The choice of Bretton Woods as the location then was partly a concession to the failing health of John Maynard Keynes — the most renowned economist of the 20th century and Britain’s chief representative — in an era before air-conditioning. Keynes had a bad heart and pleaded with Harry Dexter White, the United States Treasury economist with whom he was making the plans, not to “take us to Washington in July, which should surely be a most unfriendly act,” according to Keynes’s biographer, Robert Skidelsky.I have yet to make the pilgrimage...
State Department officials lobbied for a resort in Indiana, but Henry Morgenthau, the Treasury secretary, directed White: “Have it in Maine or New Hampshire, some place up in the mountains there.” The fact that State Route 302, which runs through the basin, could easily be sealed for security is thought to have played a role in the decision, too, along with President Franklin D. Roosevelt’s friendship with Senator Charles Tobey of New Hampshire.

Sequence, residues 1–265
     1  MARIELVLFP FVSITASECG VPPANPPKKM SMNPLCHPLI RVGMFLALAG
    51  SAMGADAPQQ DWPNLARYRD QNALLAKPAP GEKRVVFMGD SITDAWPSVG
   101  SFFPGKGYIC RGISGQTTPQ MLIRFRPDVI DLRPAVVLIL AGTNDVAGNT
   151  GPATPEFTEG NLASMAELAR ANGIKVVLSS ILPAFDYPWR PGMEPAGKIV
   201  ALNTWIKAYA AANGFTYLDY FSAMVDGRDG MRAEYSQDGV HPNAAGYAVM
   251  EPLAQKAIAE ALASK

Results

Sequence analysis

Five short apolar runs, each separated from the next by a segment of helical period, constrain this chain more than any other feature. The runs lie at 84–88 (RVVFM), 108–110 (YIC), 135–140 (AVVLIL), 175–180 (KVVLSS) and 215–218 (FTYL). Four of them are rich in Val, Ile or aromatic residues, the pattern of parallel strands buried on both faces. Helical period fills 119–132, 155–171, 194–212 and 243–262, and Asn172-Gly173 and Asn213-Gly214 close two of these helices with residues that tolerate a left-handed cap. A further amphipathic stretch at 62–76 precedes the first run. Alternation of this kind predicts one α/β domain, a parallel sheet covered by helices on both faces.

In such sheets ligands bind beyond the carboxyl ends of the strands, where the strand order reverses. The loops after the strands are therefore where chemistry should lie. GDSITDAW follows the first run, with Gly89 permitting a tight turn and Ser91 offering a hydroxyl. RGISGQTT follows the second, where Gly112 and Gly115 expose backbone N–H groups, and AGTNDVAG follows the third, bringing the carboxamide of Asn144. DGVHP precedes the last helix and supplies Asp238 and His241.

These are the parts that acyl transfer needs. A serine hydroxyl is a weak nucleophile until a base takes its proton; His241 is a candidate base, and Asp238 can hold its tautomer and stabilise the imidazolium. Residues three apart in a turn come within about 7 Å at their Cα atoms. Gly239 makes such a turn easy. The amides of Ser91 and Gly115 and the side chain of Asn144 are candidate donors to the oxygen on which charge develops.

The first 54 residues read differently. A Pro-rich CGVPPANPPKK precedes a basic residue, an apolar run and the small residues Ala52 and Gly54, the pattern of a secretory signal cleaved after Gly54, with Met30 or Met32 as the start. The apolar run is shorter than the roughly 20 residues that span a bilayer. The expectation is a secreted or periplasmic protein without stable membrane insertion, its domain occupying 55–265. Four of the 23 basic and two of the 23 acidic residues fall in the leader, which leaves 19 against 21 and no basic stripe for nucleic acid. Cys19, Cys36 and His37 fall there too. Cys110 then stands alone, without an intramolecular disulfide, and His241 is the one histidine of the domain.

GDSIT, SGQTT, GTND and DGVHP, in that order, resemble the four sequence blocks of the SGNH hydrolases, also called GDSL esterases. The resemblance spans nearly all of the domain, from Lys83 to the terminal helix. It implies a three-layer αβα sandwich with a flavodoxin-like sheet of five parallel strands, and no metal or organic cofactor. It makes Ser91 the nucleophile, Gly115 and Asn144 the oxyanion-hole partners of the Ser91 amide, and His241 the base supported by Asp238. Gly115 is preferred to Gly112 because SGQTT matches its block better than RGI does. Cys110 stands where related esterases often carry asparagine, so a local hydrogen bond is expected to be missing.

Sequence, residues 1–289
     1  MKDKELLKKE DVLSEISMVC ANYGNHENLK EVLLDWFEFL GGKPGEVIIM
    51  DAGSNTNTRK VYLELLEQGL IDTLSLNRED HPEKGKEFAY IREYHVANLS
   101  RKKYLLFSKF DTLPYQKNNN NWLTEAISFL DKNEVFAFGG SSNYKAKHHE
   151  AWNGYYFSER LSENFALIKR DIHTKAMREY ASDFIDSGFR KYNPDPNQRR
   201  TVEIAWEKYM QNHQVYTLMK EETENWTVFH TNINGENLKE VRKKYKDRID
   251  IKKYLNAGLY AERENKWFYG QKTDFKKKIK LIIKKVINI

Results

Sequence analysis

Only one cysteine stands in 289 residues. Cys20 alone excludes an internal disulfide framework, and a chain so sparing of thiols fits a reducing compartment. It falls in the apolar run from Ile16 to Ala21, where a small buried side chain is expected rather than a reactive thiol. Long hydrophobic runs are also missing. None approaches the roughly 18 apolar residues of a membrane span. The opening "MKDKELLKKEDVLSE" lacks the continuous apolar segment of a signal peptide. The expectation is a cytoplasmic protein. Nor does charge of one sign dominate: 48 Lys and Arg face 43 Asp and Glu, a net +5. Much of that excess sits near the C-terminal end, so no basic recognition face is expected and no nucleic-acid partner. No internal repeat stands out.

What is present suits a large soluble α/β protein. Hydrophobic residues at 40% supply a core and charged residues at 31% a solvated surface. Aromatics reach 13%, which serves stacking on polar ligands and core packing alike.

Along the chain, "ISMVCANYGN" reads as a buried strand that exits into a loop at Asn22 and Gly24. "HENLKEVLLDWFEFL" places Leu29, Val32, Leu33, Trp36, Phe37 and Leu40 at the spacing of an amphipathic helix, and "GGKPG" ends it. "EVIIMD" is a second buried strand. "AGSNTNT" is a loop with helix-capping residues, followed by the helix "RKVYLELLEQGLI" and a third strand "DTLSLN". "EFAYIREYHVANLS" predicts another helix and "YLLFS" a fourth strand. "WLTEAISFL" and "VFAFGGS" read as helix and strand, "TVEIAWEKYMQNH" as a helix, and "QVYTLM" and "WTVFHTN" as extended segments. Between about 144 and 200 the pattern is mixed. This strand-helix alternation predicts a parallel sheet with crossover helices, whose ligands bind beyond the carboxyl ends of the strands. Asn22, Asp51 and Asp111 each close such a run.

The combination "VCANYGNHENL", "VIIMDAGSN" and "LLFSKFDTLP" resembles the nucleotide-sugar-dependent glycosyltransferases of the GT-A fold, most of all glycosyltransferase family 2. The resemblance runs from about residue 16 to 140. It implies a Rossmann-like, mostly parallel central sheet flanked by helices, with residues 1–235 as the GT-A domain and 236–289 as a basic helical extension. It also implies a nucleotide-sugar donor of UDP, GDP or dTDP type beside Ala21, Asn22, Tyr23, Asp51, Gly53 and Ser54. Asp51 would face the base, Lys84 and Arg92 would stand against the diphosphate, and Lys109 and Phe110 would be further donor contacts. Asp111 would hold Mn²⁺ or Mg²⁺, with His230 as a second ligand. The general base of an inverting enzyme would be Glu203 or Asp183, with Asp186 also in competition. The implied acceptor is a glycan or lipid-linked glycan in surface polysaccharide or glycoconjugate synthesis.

Friday, February 27, 2009
The Times' travel section visits the Mount Washington hotel, in Bretton Woods, New Hampshire. The cross-country skiing is good, apparently, but the 1944 United Nations Monetary and Financial Conference remains its claim to fame: